OCOEE, Fla. – An Ocoee family wants their homebuilder to replace the stucco on their home after an inspector found it was not installed to building code.
Sean Gumbert — a disabled veteran — said his family purchased their home from Pulte Homes 14 years ago and, over time, they’ve noticed cracks appearing and growing.
“We noticed it in 2015, but we’re like we just got to seal the cracks and paint it. So, that’s what we did,” he said. “We contracted it out, we sealed it, we made it look brand new, and it looked beautiful. But then, the cracks start happening again.”
The Gumberts hired a structural engineer to look for a cause.
The inspector determined the stucco was not installed according to the building code, and the code violations resulted in cracking.
He recommended the stucco be removed and replaced at a cost of more than $57,000.
“I don’t have $57,000,” Gumbert said.
For the last four years, he said he has been in mediation with Pulte Homes, negotiating with them to replace his stucco. So far, the said the company has not agreed to it.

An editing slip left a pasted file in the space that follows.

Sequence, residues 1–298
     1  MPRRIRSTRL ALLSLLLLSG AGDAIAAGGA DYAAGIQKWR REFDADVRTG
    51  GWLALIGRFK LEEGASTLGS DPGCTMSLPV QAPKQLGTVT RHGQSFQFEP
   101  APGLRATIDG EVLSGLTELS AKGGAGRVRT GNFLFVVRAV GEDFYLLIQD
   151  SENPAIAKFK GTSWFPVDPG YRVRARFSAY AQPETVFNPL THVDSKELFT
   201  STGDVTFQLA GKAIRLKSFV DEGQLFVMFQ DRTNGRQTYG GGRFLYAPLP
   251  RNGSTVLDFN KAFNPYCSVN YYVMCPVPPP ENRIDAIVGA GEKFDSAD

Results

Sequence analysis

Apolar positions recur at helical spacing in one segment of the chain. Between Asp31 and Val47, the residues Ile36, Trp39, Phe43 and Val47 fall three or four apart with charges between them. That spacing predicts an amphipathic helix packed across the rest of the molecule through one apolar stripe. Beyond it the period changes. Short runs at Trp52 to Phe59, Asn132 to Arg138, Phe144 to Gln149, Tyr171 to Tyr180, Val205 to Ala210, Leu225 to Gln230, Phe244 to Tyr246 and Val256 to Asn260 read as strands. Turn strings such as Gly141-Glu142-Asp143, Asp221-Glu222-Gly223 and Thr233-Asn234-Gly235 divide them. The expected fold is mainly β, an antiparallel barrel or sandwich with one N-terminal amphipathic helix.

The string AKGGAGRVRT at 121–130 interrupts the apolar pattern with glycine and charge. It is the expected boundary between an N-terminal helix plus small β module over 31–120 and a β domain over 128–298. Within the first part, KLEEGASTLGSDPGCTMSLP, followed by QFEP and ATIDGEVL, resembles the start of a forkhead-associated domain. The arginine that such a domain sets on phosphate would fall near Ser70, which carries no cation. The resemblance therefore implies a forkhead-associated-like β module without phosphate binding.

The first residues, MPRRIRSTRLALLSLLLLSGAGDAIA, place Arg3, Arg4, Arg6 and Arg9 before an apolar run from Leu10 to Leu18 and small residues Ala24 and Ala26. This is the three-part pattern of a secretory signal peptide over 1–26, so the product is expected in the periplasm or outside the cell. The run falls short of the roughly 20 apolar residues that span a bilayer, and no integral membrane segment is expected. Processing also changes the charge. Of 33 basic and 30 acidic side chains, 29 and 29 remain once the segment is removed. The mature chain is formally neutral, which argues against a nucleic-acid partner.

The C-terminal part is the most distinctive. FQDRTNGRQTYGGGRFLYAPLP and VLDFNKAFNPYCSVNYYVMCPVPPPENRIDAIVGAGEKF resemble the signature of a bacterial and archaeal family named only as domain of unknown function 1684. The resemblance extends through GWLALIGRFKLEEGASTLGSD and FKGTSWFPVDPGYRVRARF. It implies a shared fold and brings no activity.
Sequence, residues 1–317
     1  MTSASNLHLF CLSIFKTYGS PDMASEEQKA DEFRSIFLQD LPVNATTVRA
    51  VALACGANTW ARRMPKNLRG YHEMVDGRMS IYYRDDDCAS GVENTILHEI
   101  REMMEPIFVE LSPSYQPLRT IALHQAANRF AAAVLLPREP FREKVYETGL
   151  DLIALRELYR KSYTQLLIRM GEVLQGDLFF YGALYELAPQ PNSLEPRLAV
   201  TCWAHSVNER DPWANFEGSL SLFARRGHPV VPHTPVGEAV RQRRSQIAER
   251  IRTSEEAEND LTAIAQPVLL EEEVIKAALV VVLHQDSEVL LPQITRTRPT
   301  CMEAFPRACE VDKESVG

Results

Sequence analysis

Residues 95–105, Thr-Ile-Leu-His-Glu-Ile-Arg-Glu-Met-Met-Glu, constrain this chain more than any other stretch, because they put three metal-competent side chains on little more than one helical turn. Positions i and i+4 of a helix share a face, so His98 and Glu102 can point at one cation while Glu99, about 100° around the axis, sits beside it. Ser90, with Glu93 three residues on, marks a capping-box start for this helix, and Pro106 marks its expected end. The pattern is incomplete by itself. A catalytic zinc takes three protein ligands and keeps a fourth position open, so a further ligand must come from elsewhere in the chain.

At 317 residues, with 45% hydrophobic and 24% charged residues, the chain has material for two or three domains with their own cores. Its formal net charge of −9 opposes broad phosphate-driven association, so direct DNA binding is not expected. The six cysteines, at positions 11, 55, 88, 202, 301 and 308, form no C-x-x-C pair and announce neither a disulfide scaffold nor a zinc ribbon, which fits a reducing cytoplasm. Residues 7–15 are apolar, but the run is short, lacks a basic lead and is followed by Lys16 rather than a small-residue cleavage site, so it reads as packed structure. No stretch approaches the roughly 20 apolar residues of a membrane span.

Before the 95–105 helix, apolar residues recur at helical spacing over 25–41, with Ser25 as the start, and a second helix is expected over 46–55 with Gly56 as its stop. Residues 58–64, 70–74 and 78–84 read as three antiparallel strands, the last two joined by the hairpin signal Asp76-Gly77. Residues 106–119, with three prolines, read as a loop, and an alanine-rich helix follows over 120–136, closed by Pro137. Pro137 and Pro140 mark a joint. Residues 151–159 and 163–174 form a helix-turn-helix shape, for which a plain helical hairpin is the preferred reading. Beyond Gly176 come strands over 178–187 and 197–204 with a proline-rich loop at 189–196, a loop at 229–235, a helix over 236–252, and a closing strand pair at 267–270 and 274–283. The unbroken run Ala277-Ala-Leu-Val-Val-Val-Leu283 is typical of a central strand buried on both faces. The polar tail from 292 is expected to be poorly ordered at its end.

News 6 investigated and found out Gumbert is not alone.
According to court documents, 21 lawsuits have been filed against Pulte over the last five years claiming stucco was not properly installed.
Some of the lawsuits allege violations in the building code, and some claim negligence.
Half of the lawsuits involved Pulte homes built in Ocoee, and three of them were filed by Gumbert’s neighbors, who, according to court records, settled out of court.
Ocoee Mayor Rusty Johnson said he tried to help Gumbert by writing a letter to Pulte asking them to reconsider their position on replacing Gumbert’s stucco.
“I think there needs to be a law where (stucco) is inspected more,” Johnson said. “I know they don’t want to hear that, but you got to be able to be secure in what you’re doing.”
News 6 contacted Pulte Homes to help Gumbert get results, and the company responded with a statement:
“Pulte Homes provides and stands behind its industry-leading 10-year warranty. Although this home is now four years out of warranty, we have engaged with the homeowner and continue to work diligently toward a resolution of his issue.”
Gumbert said he simply wants his house fixed, and he has contacted the Florida Attorney General’s Office, which confirmed they are looking into Gumbert’s claims.
The Better Business Bureau recommends consumers who purchase new homes perform routine inspections and maintenance on their new properties.